#48 Web Content (2)

Web Content

There are obvious areas to concentrate on in a school library website. So what else could you publish? Here’s a few suggestions:

  • Opening hours, holiday times
  • List of library services
  • Curricular Links
  • Library staff qualifications and biography
  • Events information: World BookDay, Poetry Week etc
  • CPD record
  • Library photographs
  • Virtual tour
  • Podcast
  • Information Literacy guides
  • Search engine guides
  • Worksheets and/or workshops
  • Library handbook
  • Links to other school library sites
  • RSS feeds

As your options increase due to the advent of web 2.0, soon you may be able to display dynamic and relevant content without creating it yourself. If you’re starting out, it’s also useful to observe those who’ve been working at it for some time.

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#47 23 Things

23 Things

This site is brought to you by the California School Library Association, and is magnificent.

Basically, this is self discovery programme that looks at 23 things related to web 2.0 technologies. Feedback from participants seems to be very positive, and if you follow it through your knowledge of web 2.0 technologies should be increased greatly. Well worth a visit!

23 Things

#46 Web Content: Reading

Web Content

Whatever tool you’re using to get your message across on the web, your actual content is, or should be, king. So what to link to? Author and book sites are the most obvious place to start, some starting points listed below.

Authors

Achuka

Bloomsbury

Booktrusted

Fairrosa

Google Directory

Jubilee Books

Random House

Scholastic

Strongest Links

Teen Reads

The Wee Web

The Word Pool

UK Children’s Books

Yahoo Directory

Book Reviews

Booktrusted

Guardian Children’s Library

Jubilee Books

Penguin Children

Scholastic

Teen Reads

#45 Abuse Of The Web

Abuse Of The Web

This is always going to be an issue wherever you find one or more computers with web access. Schools, colleges, universities and businesses all have to deal with these issues. Whatever the answer is, I don’t think it should be the responsibility of a school librarian or teacher.

The librarian should always be aware of the school’s (and perhaps the regional authority’s) acceptable use policy. This is essential if you want to deal comfortably with daily issues as they arise. Some things are fairly obvious; pornography, rascist and sexist materials, bullying other pupils, should be taboo.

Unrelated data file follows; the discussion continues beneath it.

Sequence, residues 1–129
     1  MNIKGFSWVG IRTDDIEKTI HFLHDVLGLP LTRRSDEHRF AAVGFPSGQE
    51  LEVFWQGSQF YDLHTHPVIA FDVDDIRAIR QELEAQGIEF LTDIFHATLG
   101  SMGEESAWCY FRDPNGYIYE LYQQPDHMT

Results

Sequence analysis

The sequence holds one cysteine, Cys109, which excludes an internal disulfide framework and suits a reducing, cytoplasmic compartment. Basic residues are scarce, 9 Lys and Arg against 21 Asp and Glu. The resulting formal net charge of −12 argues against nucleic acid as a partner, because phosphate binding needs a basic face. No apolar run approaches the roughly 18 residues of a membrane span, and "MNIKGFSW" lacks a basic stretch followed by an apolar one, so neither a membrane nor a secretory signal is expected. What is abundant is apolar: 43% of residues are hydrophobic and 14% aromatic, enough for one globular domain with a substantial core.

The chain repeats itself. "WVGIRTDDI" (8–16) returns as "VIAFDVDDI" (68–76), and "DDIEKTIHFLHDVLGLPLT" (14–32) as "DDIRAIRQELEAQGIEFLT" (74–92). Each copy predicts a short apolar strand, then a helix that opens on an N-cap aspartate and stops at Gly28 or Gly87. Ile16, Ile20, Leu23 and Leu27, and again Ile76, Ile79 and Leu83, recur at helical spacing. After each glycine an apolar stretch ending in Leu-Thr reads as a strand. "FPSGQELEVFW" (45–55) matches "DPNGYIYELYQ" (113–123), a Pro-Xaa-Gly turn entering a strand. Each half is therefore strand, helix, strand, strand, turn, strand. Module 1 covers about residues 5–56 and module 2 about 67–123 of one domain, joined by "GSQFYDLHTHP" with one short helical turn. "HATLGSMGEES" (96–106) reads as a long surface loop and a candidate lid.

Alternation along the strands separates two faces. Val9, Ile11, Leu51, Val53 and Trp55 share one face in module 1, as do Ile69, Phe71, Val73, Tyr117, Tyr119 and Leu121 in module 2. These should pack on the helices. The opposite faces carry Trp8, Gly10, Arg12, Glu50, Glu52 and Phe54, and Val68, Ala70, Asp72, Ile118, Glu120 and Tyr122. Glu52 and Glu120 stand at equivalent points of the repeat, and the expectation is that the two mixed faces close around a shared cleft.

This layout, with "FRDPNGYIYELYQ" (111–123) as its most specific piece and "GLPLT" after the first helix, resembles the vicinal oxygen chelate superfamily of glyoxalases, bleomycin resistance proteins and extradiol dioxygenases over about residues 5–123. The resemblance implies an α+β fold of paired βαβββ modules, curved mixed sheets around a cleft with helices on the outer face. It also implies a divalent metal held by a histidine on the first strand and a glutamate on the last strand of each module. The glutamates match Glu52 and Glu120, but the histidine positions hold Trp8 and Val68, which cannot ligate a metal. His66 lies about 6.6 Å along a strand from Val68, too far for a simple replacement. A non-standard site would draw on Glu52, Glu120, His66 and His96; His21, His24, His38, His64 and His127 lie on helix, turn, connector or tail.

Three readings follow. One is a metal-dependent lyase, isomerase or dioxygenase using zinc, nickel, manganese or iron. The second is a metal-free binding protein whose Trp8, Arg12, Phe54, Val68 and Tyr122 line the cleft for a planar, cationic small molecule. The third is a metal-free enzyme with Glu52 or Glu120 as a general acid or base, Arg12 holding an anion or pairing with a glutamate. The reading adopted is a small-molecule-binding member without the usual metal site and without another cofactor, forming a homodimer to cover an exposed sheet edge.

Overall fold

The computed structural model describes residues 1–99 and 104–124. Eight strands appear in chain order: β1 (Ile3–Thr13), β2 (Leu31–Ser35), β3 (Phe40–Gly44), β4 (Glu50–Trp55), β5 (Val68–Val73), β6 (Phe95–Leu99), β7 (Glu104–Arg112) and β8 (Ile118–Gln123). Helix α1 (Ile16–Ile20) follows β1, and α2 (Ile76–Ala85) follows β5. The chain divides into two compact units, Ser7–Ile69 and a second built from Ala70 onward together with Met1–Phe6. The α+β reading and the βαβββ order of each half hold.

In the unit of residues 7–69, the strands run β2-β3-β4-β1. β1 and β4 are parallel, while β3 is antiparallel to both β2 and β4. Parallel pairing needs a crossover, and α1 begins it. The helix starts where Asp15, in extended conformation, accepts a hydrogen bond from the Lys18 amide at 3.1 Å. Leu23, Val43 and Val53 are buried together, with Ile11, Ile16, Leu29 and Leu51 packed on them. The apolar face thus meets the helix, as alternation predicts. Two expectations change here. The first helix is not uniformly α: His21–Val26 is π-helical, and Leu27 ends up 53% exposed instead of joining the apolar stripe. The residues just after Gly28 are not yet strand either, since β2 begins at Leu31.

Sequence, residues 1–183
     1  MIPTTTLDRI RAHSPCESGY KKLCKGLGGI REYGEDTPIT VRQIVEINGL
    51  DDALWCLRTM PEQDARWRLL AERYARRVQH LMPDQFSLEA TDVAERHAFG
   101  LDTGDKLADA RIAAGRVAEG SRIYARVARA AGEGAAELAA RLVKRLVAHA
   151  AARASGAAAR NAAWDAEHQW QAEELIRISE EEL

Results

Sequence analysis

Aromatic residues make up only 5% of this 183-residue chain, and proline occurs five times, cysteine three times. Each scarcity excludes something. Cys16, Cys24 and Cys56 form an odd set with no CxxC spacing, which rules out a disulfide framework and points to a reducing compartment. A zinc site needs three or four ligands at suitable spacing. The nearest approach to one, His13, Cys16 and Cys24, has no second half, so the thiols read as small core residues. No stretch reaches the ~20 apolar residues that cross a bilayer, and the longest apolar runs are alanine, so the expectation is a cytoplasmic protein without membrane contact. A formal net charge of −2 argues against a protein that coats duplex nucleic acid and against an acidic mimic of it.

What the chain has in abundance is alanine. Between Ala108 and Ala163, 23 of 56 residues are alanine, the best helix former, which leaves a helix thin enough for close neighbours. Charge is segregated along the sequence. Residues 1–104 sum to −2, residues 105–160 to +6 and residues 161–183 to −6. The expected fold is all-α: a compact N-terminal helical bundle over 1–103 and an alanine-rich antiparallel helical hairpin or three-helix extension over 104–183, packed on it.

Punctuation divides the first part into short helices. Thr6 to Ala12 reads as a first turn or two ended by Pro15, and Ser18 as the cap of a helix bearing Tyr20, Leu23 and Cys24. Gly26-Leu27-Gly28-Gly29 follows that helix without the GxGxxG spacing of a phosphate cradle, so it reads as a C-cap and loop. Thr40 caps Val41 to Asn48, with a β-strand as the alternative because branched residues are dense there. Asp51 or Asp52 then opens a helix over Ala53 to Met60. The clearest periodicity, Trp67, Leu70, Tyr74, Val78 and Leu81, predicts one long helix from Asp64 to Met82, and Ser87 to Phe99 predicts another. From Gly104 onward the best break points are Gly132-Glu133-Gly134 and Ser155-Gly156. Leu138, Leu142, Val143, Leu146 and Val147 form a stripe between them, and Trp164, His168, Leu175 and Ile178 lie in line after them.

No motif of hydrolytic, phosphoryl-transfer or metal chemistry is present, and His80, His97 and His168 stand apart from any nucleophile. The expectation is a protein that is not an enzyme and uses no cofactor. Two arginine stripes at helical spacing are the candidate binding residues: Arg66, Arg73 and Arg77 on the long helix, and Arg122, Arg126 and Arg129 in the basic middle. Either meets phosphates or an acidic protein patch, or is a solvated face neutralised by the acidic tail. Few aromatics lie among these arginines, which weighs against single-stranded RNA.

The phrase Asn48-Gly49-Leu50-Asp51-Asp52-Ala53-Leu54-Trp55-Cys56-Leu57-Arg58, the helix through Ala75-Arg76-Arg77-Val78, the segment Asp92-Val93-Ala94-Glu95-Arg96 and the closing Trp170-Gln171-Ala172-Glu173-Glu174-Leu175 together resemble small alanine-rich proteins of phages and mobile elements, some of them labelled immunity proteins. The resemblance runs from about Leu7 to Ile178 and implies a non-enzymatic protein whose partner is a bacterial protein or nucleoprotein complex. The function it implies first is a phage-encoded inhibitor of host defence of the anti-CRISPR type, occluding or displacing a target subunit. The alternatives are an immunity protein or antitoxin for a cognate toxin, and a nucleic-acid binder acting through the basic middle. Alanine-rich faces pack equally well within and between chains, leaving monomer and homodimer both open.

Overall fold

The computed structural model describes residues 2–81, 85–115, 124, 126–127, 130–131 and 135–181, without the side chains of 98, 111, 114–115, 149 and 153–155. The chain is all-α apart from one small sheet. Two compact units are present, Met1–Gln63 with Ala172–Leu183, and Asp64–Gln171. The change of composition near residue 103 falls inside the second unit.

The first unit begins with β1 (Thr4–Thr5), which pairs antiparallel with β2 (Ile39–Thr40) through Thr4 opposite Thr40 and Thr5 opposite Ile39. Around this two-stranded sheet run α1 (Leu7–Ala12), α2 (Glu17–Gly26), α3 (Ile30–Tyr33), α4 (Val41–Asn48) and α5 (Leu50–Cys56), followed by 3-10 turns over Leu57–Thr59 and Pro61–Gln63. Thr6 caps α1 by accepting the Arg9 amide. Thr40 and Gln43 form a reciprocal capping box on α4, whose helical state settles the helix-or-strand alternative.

However, other things are not so clear cut. Some schools may want to allow access to YouTube for its educational content. On the other hand, there’s a lot of offensive material on YouTube. My own opinion is that these types of sites should be allowed, but that the Acceptable Use Policy should cover the viewing or downloading of innapropriate material. Pupils are generally aware about what they should and shouldn’t be downloading.

Schools or regional authorities will often use filtering software, which bans particular sites, or types of sites. On the other hand, pupils will always find ways round such filters, not least by the use of anonymous proxy sites. It is obviously the librarian’s responsibility to police pupils in the library at any given time, but walking round checking screens is not only time consuming and very confrontational, but also totally ineffectual.

If you do feel strongly about web abuse, you could try persuading your school to fund software such as MyPC or SynchronEyes, which allows you to view screens, send messages, logoff, shut down machines and ban users. Two years ago, I had reservations about such software on the grounds of privacy and data protection issues. However, after having used them my opinion is completely different. The only people who get annoyed by this type of software are the timewasters, the bullies, the miscreants and those who feel they have a right to access any kind of material in a public place. Not only do you get rid of these people, but you free up thousands of hours of computer time for those who want to actually work.